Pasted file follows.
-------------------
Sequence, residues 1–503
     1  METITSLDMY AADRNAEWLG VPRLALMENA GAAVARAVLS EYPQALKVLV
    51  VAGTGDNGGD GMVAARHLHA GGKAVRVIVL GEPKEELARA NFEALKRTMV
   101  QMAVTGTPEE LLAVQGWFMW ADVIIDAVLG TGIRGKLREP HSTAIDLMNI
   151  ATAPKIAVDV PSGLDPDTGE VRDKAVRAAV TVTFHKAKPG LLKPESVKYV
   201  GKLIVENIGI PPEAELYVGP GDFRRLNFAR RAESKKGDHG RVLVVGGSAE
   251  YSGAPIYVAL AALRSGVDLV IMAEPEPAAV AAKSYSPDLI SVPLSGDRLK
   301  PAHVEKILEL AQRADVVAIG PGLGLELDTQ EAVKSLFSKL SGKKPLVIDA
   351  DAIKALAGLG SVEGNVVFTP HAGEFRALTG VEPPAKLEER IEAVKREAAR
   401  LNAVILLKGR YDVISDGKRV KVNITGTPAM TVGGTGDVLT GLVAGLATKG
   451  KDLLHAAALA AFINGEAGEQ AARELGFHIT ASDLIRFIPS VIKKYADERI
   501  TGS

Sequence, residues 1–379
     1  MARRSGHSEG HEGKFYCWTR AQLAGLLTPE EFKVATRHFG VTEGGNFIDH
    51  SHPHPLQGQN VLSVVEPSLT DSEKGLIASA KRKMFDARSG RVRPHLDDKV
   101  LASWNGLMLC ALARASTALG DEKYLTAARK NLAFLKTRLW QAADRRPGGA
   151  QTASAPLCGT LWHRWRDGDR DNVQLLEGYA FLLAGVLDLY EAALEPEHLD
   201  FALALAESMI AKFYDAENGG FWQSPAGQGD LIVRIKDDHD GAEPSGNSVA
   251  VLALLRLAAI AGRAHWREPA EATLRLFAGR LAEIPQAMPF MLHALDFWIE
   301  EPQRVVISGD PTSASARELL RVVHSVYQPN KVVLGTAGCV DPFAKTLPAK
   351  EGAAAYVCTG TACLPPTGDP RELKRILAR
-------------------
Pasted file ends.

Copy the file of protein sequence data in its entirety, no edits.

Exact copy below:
Sequence, residues 1–503
     1  METITSLDMY AADRNAEWLG VPRLALMENA GAAVARAVLS EYPQALKVLV
    51  VAGTGDNGGD GMVAARHLHA GGKAVRVIVL GEPKEELARA NFEALKRTMV
   101  QMAVTGTPEE LLAVQGWFMW ADVIIDAVLG TGIRGKLREP HSTAIDLMNI
   151  ATAPKIAVDV PSGLDPDTGE VRDKAVRAAV TVTFHKAKPG LLKPESVKYV
   201  GKLIVENIGI PPEAELYVGP GDFRRLNFAR RAESKKGDHG RVLVVGGSAE
   251  YSGAPIYVAL AALRSGVDLV IMAEPEPAAV AAKSYSPDLI SVPLSGDRLK
   301  PAHVEKILEL AQRADVVAIG PGLGLELDTQ EAVKSLFSKL SGKKPLVIDA
   351  DAIKALAGLG SVEGNVVFTP HAGEFRALTG VEPPAKLEER IEAVKREAAR
   401  LNAVILLKGR YDVISDGKRV KVNITGTPAM TVGGTGDVLT GLVAGLATKG
   451  KDLLHAAALA AFINGEAGEQ AARELGFHIT ASDLIRFIPS VIKKYADERI
   501  TGS

Sequence, residues 1–379
     1  MARRSGHSEG HEGKFYCWTR AQLAGLLTPE EFKVATRHFG VTEGGNFIDH
    51  SHPHPLQGQN VLSVVEPSLT DSEKGLIASA KRKMFDARSG RVRPHLDDKV
   101  LASWNGLMLC ALARASTALG DEKYLTAARK NLAFLKTRLW QAADRRPGGA
   151  QTASAPLCGT LWHRWRDGDR DNVQLLEGYA FLLAGVLDLY EAALEPEHLD
   201  FALALAESMI AKFYDAENGG FWQSPAGQGD LIVRIKDDHD GAEPSGNSVA
   251  VLALLRLAAI AGRAHWREPA EATLRLFAGR LAEIPQAMPF MLHALDFWIE
   301  EPQRVVISGD PTSASARELL RVVHSVYQPN KVVLGTAGCV DPFAKTLPAK
   351  EGAAAYVCTG TACLPPTGDP RELKRILAR